Project Objectives:
  • Our proposed solution is to use DM density as an estimator of corn silage shrink within a silo through simple, on-farm methods. • Place and retrieve poly-weave nylon bags of silage from 2 bunker silos and 2 upright silos. • Measure DM loss within each bag and assess DM density of silage at each bag location within each silo. • Analyze data on DM loss and nutrient changes and develop regression equations to clearly relate DM loss to DM density. • Deliver the research results to dairy farmers in a practical manner that they can then utilize to improve their corn silage storage and feeding management. Delivery will be through presentations, articles in lay journals, and training of industry professionals and extension educators.


Click linked name(s) to expand
  • John Beiler
  • Arlin Benner
  • Paul Craig
  • Sarah Dinh
  • Daniel Esch
  • Tom Nauman


Materials and methods:
Silo Management Variables

Each silo will be filled with chopped corn according to the normal procedures of the farm. Harvest and packing variables will be recorded including corn varieties, planting and harvest dates, acreage and estimated tonnage harvested, make and model of harvester and packing tractors, packing tractor weights, delivery rate of chopped corn to silo, packing time and frequency, surface cover, and degree of overfilling. Once the silo is filled, packed and sealed, the silage will be allowed to ferment for at least 6 weeks prior to feed-out.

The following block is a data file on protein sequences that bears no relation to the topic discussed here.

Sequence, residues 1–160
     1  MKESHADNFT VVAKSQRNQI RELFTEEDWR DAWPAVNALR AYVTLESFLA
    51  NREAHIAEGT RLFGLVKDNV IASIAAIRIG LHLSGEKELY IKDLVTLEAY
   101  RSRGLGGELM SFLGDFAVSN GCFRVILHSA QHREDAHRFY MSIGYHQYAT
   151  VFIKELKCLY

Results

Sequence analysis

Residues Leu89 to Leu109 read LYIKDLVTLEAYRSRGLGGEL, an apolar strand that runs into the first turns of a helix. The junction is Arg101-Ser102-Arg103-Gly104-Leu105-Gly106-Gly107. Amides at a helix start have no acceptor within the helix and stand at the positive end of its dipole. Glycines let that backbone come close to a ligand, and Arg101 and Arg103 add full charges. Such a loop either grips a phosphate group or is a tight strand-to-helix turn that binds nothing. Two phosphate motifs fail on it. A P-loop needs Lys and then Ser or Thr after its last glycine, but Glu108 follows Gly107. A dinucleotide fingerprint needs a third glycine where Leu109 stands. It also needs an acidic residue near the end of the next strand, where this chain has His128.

Experimental Design

The experimental design will be a replicated, randomized complete block with repeated measures. To minimize variation, sample bags will be blocked by approximate level related to the silo floor. For the bunker silos, three sets of 12 bags each (N = 36) will be blocked by height, 2’ (Bottom), 5’ (Middle), and 7’ (Top). Each 12-bag set will be randomly divided into groups of 4 bags, and each group will be randomly assigned to one of three depths from the feed-out end of the silo, 35’ (Front), 90’ (Center), and 145’ (Back). Bags within each group will be distributed across the width of the silo in relation to distance from the left wall, 3’ (I), 15.25’ (II), 27.75’ (III), and 40’ (IV). For the upright silos, three sets of 3 bags each (N = 9) will be blocked by height, 15’ (Bottom), 35’ (Middle), and 55’ (Top). Each 3-bag set will be distributed across the silo diameter with one bag 2’ from each side and one bag in the center.

Dry Matter Loss & Density Determination